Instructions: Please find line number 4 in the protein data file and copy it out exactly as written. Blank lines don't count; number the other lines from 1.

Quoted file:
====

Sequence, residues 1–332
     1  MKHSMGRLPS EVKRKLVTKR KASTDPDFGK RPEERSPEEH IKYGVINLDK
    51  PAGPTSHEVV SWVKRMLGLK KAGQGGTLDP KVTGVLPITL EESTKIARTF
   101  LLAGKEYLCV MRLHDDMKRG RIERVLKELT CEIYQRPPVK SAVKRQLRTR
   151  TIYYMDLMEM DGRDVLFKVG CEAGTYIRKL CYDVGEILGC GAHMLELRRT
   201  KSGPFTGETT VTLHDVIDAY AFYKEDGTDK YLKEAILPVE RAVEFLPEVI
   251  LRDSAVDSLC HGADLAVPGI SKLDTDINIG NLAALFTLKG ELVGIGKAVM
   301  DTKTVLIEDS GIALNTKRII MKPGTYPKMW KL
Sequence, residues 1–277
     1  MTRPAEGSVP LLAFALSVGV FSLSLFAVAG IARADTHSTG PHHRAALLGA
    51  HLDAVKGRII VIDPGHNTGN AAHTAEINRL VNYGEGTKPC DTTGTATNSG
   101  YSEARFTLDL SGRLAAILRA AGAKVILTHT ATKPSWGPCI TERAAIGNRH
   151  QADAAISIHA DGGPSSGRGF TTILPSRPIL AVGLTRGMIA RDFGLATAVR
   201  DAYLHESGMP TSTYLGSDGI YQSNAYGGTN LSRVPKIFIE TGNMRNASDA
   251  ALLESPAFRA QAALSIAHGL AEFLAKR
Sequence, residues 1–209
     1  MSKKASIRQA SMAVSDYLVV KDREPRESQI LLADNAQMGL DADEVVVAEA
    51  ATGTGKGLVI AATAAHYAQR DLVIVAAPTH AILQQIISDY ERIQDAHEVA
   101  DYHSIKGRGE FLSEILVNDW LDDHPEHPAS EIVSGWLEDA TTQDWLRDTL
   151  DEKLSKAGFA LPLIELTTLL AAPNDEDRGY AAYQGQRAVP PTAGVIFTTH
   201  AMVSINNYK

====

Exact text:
   101  LLAGKEYLCV MRLHDDMKRG RIERVLKELT CEIYQRPPVK SAVKRQLRTR